Rubio: China Has Deputized ‘Woke’ American Corporations as Its Lobbyists

The Chinese Communist Party has deputized “woke” American corporations to function as lobbyists on its behalf, Sen. Marco Rubio argued in an address Tuesday at the Heritage Foundation.

Rubio, the top Republican on the Senate Select Intelligence Committee, called China “the most formidable near-peer adversary this country has ever faced.”

“For decades, the members of the Chinese Communist Party hid their true ambitions to remake the global order to become the world’s most powerful nation,” the Florida Republican said. “They don’t hide it anymore.”

Rubio has sought to push his own party’s stance on China to become more assertive, and he hit the White House and Democratic lawmakers for what he called an insufficient China bill and allowing “progressive identity politics” to influence their response to “the unprecedented threat posed by the Chinese Communist Party.”

Rubio argued that a fear of appearing xenophobic has led “woke” American companies to make moves that were in the interests of China instead of the United States.

“Beijing has and continues to deputize American corporations and turn them into their lobbyists and their advocates right here in Washington,” Rubio said, pointing to “iconic brands” such as Nike and Coca Cola as among those that lobbied against his bill to ban imports of goods produced by Uyghur slave labor.

“It was interesting last night to read Disney, which filmed Mulan in Xinjiang in the very province where they have these genocide camps, and then in the credits of the movie, they thank the local government officials who run those camps, but apparently, they’re outraged that in Florida, our schools won’t be teaching 5-year-olds about gender identity,” Rubio said in reference to a controversial bill signed by Florida’s Republican Gov. Ron DeSantis this week, which blocks classroom instruction on topics of sexual orientation and gender identity from kindergarten through 3rd grade.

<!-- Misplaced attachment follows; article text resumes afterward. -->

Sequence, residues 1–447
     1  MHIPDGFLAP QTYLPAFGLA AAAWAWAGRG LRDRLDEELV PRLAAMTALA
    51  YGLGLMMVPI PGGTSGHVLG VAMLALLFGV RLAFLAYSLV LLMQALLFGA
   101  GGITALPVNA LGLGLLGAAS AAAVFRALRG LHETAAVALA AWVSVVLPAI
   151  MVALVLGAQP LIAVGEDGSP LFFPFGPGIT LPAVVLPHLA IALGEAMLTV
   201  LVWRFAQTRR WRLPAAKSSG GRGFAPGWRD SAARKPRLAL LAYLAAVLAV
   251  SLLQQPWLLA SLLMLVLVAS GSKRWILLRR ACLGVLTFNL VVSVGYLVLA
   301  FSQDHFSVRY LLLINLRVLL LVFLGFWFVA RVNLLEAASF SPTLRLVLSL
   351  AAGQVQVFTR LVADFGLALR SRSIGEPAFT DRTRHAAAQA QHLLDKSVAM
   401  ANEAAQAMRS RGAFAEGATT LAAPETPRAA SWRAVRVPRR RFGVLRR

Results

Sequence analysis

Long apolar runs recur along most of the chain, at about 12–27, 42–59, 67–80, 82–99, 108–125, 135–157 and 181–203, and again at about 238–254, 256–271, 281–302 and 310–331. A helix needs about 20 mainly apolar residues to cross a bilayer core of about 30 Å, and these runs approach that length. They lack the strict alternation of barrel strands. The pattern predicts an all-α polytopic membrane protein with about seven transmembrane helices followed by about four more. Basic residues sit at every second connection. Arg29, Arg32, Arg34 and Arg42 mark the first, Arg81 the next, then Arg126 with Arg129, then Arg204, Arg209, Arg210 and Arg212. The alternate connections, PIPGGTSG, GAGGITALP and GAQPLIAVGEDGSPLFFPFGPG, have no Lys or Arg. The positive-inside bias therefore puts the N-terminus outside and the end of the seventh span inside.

Rubio said that while companies do need to make a profit or they will cease to be companies, he condemned what he called a “lack of corporate patriotism” in dealing with the Chinese regime.

In his address, Rubio argued that Russian President Vladimir Putin’s invasion of Ukraine “is a shocking reminder of the cruelty and the atrocities that man is capable of” and signals the “return of history,” a nod to an argument by political scientist Francis Fukuyama that the acceptance of liberal democracy will end ideological battles and will be the final form of human government.

Rubio said that even as the West seeks to end Putin’s war, ”there is a greater challenge that awaits America and the world in the Far East.”

Rubio argued that while Moscow has a nuclear arsenal, Beijing has one as well and a stronghold on critical supply chains and global markets. He said that the Chinese Communist Party is unfettered by concepts such as “universal rights and global engagement and international law” in its quest for “raw power.”

“They believe that the only way for them to become more powerful is to make others weaker, particularly America,” Rubio said.